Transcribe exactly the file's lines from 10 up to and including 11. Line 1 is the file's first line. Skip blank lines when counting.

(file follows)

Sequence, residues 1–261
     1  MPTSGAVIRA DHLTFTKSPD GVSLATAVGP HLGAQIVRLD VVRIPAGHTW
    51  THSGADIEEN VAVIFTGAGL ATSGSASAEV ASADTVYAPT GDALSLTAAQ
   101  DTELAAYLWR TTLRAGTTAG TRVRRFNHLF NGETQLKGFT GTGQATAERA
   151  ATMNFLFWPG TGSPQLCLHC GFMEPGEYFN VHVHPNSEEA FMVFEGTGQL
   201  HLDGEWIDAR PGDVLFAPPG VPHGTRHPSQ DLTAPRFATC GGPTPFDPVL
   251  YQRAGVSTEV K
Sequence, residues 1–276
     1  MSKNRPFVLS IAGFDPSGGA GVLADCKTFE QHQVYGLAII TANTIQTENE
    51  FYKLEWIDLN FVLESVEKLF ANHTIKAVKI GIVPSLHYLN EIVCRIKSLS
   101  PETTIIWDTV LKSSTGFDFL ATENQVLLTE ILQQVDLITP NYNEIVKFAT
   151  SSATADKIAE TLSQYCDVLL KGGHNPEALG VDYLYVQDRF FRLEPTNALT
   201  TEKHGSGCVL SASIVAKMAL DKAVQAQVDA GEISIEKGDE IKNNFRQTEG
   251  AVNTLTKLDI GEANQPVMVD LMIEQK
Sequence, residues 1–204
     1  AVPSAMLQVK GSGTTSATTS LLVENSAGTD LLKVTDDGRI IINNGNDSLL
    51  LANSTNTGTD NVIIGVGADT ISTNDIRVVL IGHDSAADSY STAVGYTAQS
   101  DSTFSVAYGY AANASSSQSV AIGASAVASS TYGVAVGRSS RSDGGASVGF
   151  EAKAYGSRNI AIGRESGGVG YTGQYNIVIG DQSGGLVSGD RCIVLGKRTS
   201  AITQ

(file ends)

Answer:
    51  FYKLEWIDLN FVLESVEKLF ANHTIKAVKI GIVPSLHYLN EIVCRIKSLS
   101  PETTIIWDTV LKSSTGFDFL ATENQVLLTE ILQQVDLITP NYNEIVKFAT